“Vision is the art of seeing what is invisible to others,” or so said Jonathan Swift in 1745. If so, then much of the work in the field of heritage science is concerned with the visionary; looking deeper into objects, artworks and monuments of cultural significance. In a recent paper published in Heritage Science, SpringerOpen’s open-access journal for the analysis of objects, materials, artifacts and artworks of cultural and historical significance, a group of researchers used imaging spectroscopy techniques to achieve just that.
Imaging spectroscopy is the “simultaneous acquisition of spatially co-registered images in many spectrally contiguous bands;” in other words, using different bands of light intensity to reveal more about an image than a simple color photograph could. It has many uses, particularly images of the earth or of celestial bodies, but what would we see if we used it to look at fine art?
The researchers, from the National Gallery of Art, used two novel hyperspectral cameras on various works of art, including Pablo Picasso’s The Tragedy, and the results are available in their paper “Visible and infrared imaging spectroscopy of paintings and improved reflectography.”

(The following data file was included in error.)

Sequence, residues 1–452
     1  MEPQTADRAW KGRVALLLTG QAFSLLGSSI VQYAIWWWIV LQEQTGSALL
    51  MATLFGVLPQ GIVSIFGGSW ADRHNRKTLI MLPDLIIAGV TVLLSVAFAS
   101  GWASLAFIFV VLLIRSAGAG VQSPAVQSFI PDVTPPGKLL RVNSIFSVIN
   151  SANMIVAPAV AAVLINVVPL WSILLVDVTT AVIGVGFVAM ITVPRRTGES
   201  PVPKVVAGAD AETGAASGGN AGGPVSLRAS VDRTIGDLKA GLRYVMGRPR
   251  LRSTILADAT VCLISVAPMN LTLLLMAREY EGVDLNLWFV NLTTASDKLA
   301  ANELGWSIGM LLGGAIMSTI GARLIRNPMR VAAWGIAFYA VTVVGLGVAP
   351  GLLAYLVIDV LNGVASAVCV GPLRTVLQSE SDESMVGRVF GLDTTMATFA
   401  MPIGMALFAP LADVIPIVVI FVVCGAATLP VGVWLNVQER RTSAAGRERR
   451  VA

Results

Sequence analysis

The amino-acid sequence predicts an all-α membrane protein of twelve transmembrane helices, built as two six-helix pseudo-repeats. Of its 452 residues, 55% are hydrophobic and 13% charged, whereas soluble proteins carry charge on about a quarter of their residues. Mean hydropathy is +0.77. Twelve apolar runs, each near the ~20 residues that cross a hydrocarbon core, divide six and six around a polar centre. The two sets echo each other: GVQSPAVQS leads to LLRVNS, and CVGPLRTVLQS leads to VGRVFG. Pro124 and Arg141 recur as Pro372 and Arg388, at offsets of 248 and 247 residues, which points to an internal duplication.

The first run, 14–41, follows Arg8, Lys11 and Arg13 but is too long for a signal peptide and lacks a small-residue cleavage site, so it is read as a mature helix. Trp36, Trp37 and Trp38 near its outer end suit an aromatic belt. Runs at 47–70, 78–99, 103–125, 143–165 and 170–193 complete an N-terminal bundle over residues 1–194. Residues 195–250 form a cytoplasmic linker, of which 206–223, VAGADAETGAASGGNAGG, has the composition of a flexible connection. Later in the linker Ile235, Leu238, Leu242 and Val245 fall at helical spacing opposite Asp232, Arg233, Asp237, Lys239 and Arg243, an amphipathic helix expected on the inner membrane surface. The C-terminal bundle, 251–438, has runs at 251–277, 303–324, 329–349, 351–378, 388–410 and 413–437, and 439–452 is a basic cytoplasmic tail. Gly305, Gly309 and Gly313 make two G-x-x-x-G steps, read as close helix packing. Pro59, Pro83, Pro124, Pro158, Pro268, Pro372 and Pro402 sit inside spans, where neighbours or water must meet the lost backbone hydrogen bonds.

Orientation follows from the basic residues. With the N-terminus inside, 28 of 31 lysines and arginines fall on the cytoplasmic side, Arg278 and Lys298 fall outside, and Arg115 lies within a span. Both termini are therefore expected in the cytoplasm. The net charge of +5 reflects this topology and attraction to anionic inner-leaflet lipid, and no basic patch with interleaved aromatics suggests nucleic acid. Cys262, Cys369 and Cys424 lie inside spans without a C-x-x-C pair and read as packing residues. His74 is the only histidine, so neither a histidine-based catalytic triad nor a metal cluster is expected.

The Tragedy (1903) is part of Picasso’s “Blue Period,” a set of somber, monochromatic paintings in shades of blue. By using imaging spectroscopy, however, the researchers were able to detect and filter wavelengths of light, revealing not only the underdrawings of the figures in the painting but also drawing and sketches on the canvas that are not part of the finished piece, including a hose and a caricature of a man (see image below).
As well as a fascinating look at the processes behind these masterpieces, imaging spectroscopy has a practical use for works of art as well. The images below show the results from an analysis of a panel painting entitled Maestà (Madonna and Child with Four Angels) by a follower of Duccio di Buoninsegna, from the late 13th century. The false-color image (c) shows us the differences in material: that area of different color under the eyes is most likely an earlier restoration of the panel: vital information for conservators and museum researchers.
The paper is part of Heritage Science’s article collection “Imaging and Analysis of Cultural Heritage Materials,” and, as with all articles in Heritage Science and SpringerOpen, is fully open-access and available online.
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